What Is Contempt Of Congress?

Contempt of Congress has been trending across social media for the past 24 hours following the news that former Trump advisor Steve Bannon has been indicted with two counts, as The New York Times reports. What does that mean, and what it might lead to in the future?

Though the chief job of Congress is to create and pass laws, another important function is to perform Congressional investigations. As the House of Representatives' History, Art and Archives website explains, the Founding Fathers gave these investigative powers to Congress for two important reasons. The first was the hope that it would influence lawmakers to make good policy decisions, as they could be forced to defend their actions later in legal proceedings. The second was to add another check to balance the power of the executive branch. This foresight has helped protect American democracy by exposing multiple examples of governmental misconduct. Two of the most famous include the Teapot Dome scandal of the 1920s and Watergate in the 1970s.

During an investigation, legislators understandably need to have access to all kinds of potential evidence, and this is where contempt of Congress comes into play. If a person involved in the investigation does not supply requested evidence — such as emails, text messages, or testimony — Congress can cite that person as "in contempt" of its order, per Cornell Law School. There are three different types of contempt, and each one has a different potential legal process and punishment.

The 3 types of contempt

Those found in contempt of Congress face three different types of potential legal punishment, depending on whether it's inherent contempt, criminal contempt (also known as statutory proceedings), or civil contempt.

Inherent contempt is the most serious, though rarely used in modern times. In this scenario, the person is actually arrested by the Sergeant-at-Arms for whichever chamber brought the charges. As explained by The National Constitution Center, the Sergeant-at-Arms then brings the person cited with contempt of Congress onto the middle of the floor so that lawmakers can ask questions and decide on punishment, which can include imprisonment until criminal and civil contempt statutes can be passed. The last time it was used was in 1934, when the Postmaster General was being investigated for corruption, per The Washington Post.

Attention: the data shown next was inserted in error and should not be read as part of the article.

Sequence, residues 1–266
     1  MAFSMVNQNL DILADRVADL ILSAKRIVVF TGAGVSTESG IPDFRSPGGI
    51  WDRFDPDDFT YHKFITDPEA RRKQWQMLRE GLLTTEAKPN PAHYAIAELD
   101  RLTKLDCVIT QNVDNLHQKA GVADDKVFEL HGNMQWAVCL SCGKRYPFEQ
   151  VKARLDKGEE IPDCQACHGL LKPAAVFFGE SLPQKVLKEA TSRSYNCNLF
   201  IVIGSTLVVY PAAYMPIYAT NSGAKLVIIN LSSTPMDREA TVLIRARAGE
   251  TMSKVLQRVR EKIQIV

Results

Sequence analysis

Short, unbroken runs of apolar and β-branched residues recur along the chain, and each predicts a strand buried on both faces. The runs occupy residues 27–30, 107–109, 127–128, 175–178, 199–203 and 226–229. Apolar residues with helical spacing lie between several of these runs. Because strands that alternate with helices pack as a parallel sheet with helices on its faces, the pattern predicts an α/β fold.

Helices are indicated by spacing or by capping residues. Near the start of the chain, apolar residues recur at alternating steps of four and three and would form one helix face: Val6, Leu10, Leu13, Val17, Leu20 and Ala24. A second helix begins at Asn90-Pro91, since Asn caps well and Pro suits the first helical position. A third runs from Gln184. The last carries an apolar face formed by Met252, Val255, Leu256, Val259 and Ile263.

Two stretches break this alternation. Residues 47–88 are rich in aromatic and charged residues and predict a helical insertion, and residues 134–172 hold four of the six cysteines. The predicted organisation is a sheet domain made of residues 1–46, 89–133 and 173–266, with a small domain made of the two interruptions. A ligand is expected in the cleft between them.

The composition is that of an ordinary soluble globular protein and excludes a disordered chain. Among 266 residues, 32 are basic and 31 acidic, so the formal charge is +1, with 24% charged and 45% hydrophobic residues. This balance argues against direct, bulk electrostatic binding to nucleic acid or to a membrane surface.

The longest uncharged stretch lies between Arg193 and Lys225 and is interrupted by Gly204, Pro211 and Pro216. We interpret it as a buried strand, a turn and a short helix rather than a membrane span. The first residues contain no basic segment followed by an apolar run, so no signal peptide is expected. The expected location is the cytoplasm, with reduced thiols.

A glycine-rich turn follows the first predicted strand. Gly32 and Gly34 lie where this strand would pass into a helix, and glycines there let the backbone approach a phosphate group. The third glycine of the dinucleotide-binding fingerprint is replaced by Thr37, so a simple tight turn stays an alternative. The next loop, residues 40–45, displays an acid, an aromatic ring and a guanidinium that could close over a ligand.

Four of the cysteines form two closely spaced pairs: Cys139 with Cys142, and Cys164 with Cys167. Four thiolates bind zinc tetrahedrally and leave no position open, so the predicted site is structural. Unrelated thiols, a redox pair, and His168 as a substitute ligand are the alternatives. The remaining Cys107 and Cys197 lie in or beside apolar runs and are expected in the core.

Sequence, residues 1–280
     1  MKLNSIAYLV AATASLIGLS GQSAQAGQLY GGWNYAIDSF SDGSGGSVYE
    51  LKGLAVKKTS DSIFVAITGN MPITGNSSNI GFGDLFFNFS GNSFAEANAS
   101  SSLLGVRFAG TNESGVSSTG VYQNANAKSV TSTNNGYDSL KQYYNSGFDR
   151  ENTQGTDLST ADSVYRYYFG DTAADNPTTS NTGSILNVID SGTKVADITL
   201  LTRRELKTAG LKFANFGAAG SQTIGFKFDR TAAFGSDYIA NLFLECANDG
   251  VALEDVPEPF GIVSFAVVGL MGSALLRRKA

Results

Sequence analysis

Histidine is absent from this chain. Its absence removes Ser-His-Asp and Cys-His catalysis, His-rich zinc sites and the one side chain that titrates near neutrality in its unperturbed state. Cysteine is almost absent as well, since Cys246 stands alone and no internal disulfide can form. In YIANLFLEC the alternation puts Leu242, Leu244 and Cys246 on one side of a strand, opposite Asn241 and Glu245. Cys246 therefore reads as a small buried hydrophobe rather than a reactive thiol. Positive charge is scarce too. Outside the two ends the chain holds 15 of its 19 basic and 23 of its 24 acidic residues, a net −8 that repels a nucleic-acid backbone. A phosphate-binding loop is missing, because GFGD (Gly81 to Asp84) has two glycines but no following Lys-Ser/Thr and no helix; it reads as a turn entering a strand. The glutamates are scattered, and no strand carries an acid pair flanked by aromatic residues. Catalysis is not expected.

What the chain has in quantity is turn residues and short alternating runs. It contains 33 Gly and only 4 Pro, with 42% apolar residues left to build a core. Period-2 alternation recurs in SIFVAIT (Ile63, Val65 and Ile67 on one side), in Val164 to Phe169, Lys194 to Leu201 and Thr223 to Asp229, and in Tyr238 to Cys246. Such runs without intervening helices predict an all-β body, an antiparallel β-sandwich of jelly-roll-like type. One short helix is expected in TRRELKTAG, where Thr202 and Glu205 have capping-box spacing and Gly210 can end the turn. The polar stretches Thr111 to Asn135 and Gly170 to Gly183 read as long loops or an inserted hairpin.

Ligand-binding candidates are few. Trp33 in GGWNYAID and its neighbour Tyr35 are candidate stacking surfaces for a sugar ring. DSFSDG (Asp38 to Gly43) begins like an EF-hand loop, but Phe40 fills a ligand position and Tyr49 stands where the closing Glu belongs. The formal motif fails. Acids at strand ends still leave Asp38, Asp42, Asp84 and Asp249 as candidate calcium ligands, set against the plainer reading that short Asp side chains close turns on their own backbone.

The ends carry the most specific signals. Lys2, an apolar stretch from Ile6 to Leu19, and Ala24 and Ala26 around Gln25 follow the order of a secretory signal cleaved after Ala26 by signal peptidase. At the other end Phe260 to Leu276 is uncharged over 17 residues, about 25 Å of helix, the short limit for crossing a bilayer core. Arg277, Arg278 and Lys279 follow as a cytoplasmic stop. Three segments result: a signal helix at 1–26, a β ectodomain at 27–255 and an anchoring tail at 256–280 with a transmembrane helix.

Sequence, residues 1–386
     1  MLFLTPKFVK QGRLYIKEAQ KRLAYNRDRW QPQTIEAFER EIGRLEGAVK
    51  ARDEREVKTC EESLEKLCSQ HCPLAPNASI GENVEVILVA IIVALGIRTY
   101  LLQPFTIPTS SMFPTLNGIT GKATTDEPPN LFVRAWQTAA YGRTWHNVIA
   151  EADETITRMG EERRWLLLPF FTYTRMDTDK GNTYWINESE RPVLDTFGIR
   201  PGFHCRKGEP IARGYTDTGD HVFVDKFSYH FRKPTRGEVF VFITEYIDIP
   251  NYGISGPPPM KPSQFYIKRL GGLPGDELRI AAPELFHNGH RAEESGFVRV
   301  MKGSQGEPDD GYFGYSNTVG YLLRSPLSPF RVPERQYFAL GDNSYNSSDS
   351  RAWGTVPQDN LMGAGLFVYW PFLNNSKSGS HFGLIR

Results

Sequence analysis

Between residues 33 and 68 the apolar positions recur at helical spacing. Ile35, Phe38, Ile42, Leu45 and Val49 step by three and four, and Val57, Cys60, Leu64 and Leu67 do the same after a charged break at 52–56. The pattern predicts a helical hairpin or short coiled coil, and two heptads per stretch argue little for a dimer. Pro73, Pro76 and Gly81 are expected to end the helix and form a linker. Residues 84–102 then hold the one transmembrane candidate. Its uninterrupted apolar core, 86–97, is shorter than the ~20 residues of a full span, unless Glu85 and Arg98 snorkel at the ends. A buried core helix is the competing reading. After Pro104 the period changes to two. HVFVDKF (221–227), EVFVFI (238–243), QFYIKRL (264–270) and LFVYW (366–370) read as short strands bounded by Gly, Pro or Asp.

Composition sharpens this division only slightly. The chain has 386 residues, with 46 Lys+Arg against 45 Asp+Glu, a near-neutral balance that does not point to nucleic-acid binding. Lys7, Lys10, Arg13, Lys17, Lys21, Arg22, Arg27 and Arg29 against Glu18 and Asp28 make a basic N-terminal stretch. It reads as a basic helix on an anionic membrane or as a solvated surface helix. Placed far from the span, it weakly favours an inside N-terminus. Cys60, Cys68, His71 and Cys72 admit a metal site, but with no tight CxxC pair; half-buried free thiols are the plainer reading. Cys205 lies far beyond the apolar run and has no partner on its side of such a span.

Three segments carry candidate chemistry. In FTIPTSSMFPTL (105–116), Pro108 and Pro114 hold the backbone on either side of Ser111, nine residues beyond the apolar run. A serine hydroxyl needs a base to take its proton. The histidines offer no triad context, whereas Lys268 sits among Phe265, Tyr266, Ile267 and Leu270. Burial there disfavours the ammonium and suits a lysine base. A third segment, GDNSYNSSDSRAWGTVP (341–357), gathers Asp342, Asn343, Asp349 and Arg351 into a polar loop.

The two more commonly used actions in modern times are statutory proceedings and civil procedures. In statutory proceedings, the person cited with contempt faces criminal charges. The appropriate U.S. attorney's office convenes a grand jury, which in turn decides whether or not to charge the person with contempt. Should the person be charged, he or she will face a trial that could end in fines and imprisonment.

A civil procedure is used mainly to enforce the subpoena so that Congress can get the requested evidence and rarely results in any form of punishment for the person cited for contempt. This is used less often than the statutory proceedings.

What's in Steve Bannon's future?

Steve Bannon (above) is not the first person to be cited with criminal contempt of Congress in recent years. During the Obama presidency, Attorney General Eric Holder was found in contempt of Congress after refusing to hand over documents relating to the Fast and Furious scandal. However, criminal charges against Holder were dropped by the Department of Justice — an outcome that was hardly surprising since Holder was head of the DOJ at the time, per the Associated Press. Though Holder wasn't charged, he was required to hand over certain documents to Congress.

What sets Bannon apart is that, unlike Holder, the charges were not dropped by the DOJ and a grand jury charged him with contempt. This makes him the first person to be charged in almost 40 years, per Snopes. It should be noted that the charge doesn't mean Bannon is guilty of anything per se; rather, it means that the grand jury believes that there is enough evidence to warrant a trial that could find him guilty.

That means that Bannon will soon be facing a criminal trial with a new jury that will decide whether he is innocent or guilty of contempt of Congress. If he is found guilty, he will be required to spend at least one month in jail and pay a fine of at least $100. However, according to the Congressional Research Service (posted at the Federation of American Scientists), he could face up to a year in prison and a $100,000 fine if hit with the maximum penalty.